What is PDCA Cycle?

The PDCA cycle “Plan-Do-Check-Act” is a four-stage method used in processes such as lean manufacturing and problem solving, especially in continuous improvement. This change cycle, also known as the Deming circle, decides how the process should proceed according to the testing of improvements and their outputs.

What is the PDCA Cycle?

The PDCA cycle, which stands for plan-do-check-act, is an important part of the foundation of continuous improvement and lean production. With the increasing demands for change in workplaces, it help teams to realize this change in a planned and careful manner.

The PDCA Cycle involves planning, testing and feedback phases after the main source is decided upon when making an improvement. This feedback allows observation of the measures that need to be taken, either by indicating that the solution is working correctly and as intended, or that something needs to be changed. This process is of great importance for continuous improvement and quality management.

In Which Areas is the PDCA Cycle Used?

  • a new continuous improvement
  • in planning within the framework of quality management and quality improvement
  • to assess the performance of a system or process and identify opportunities for improvement
  • to handle customer complaints, measure and increase customer satisfaction
  • when a problem is identified, identify the root cause of the problem and find a solution
  • can be used in such cases.

What are the Stages of the PDCA Cycle? How to Make a PDCA Cycle?

Step 1: Plan

In the first phase, teams identify a problem or a process that needs improvement. They analyze the current situation and collect data. Goals are set and the necessary steps to achieve these goals are planned. According to the scope of the plan, the number of employees who will work for these goals is determined.

Step 2: Do

The “Do” phase is the process of implementing the plans made in the first step. Usually a trial of a certain size is carried out, while continuing the ongoing process. During implementation, data should be collected and process observation should be made.

Step 3: Check

It can be called the most critical phase of the PDCA cycle. Because in this step, the data collected after implementation is analyzed and compared with the ongoing operation. It is also determined how successful it is in reaching the targets and its shortcomings. Being objective at this stage plays a major role in preventing the repetition of mistakes and achieving the targets. In case of success, the next stage is taken and the implementation goes live on a large scale. In the opposite case, in case of failure, it is appropriate for teams to go back to the planning stage and continue the process with a different planning.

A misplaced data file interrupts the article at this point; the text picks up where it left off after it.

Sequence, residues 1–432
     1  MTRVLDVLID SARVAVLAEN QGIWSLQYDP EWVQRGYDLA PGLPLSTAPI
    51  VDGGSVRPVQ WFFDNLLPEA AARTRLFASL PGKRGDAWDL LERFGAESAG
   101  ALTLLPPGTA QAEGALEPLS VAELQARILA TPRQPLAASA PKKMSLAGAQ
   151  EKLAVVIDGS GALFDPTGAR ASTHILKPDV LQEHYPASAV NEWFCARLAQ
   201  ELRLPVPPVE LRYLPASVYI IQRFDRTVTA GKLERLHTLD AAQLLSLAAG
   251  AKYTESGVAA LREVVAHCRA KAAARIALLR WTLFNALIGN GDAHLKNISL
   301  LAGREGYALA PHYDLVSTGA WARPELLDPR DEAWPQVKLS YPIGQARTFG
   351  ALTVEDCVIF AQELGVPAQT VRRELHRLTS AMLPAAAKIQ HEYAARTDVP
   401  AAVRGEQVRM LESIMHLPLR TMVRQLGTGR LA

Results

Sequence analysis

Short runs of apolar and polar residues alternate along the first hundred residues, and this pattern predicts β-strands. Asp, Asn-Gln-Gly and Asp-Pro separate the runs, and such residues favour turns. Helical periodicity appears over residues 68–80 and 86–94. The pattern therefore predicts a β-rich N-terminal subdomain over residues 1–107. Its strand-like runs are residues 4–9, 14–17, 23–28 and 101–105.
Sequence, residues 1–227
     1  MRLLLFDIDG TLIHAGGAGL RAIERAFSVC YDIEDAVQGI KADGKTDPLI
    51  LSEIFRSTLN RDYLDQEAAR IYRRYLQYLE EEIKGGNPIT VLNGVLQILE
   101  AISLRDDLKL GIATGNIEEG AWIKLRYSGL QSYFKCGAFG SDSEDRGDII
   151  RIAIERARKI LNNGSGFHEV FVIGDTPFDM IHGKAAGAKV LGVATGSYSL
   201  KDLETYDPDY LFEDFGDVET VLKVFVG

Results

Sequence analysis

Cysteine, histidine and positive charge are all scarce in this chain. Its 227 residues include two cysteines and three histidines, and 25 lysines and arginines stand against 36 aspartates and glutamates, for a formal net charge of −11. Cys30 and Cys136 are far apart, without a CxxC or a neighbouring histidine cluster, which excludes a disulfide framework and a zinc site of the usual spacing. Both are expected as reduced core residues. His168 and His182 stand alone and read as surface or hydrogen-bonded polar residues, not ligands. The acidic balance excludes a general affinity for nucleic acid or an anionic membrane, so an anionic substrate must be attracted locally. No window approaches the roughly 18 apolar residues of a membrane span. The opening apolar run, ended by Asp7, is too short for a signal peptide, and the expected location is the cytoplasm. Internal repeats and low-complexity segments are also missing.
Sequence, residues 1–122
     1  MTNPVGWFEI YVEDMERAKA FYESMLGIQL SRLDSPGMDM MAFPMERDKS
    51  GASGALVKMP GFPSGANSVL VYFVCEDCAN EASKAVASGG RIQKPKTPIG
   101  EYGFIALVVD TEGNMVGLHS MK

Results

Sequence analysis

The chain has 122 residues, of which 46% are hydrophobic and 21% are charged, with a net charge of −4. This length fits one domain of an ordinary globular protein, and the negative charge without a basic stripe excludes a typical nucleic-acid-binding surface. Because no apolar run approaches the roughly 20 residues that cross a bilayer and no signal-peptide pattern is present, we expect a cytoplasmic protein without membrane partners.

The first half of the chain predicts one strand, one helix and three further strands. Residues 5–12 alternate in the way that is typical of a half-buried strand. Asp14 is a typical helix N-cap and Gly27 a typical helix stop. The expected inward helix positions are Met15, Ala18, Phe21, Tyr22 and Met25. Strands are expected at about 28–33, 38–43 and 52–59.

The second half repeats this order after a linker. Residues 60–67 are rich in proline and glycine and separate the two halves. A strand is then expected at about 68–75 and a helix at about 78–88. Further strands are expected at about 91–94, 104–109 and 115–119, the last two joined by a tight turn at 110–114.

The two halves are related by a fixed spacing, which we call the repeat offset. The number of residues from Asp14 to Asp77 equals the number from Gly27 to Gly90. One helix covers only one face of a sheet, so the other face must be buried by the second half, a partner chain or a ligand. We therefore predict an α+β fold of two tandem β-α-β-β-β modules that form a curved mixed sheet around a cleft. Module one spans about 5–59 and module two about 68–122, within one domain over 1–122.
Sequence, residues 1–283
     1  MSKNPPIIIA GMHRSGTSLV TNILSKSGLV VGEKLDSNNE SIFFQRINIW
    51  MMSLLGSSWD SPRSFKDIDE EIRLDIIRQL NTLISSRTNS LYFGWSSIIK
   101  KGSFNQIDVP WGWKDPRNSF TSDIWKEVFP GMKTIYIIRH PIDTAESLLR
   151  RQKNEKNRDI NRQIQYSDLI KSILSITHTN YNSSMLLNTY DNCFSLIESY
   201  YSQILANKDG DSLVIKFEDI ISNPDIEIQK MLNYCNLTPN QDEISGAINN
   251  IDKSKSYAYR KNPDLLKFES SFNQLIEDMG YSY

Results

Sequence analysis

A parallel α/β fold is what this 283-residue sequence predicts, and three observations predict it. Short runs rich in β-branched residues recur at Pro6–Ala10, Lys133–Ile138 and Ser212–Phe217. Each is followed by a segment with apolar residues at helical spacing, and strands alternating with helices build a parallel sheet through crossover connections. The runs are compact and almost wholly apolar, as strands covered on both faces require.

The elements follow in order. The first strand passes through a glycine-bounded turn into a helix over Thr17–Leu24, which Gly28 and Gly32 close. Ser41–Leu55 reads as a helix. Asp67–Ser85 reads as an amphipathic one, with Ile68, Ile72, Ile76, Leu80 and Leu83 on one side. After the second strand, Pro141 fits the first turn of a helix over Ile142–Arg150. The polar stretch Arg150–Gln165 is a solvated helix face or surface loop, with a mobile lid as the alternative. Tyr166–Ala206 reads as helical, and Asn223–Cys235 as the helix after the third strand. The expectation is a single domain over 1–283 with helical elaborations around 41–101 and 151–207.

Step 4: Act

In the final stage of this cycle, deficiencies and errors in the evaluation results are corrected. Improvements that are successful and achieve targets are standardized and made into a permanent order. Improvements that have been successful in a specific area can be applied in a wider area within the organization. From this point, another PDCA cycle can be continued for new planning and continuous improvements.

The PDCA cycle is considered one of the basic tools of continuous improvement, lean production and quality management philosophies and is widely used in many sectors and in different fields. This cycle offers a systematic approach to improve and sustain an organization’s performance, productivity and efficiency in processes.

Benzer Bloglar

What is Lean Audit?

Lean manufacturing is an approach that focuses on minimizing waste, increasing efficiency and delivering maximum value to the customer. Lean Audit is about applying lean principles to the internal audit process. In this blog post, we will discuss the details of Lean Audit. Definition of Lean Manufacturing Lean manufacturing is an approach that aims to […]

Read More

What is Heijunka?

Heijunka is a Lean method used to improve the efficiency of production systems. In this blog post, we will discuss the definition of Heijunka and how to apply it in a production system. What is the Heijunka Technique? Heijunka, a Japanese word, means production leveling. In lean manufacturing, this concept is defined as a stockless […]

Read More

8 Steps of the FMEA Process

Failure Mode and Effects Analysis (FMEA) is a method of evaluating a product or process to identify potential risks and areas requiring improvement. In this blog post, we will discuss the 8 steps of the FMEA process. What is Failure Mode and Effects Analysis (FMEA)? Failure mode and effects analysis (FMEA) is a systematic approach […]

Read More

4 Basic Steps of Quality Management System

Quality is the conformity of a company’s service or product to customer expectations and timely delivery. Quality management system is the process that companies implement to continuously improve product or service quality and meet customer expectations. In this blog post, we will discuss the four basic stages of the quality management system in detail. What […]

Read More

How to Implement a Poka-Yoke?

Poka – Yoke is a Japanese term meaning error correction. It refers to a process designed to eliminate human error in the production process and improve product quality. Poka – yoke is a very important technique used in the manufacturing or service industry. It focuses on preventing errors and defects from occurring in the first […]

Read More

Benefits of A3 Problem Solving

A3 problem solving is a problem solving technique developed to ensure the participation of employees in continuous improvement processes and to develop solutions to problems together. Problem solving techniques include many techniques such as 8D, PDCA Cycle, Quality Circles, FMEA, A3 technique. The main purpose of all techniques is to identify, analyze and solve problems […]

Read More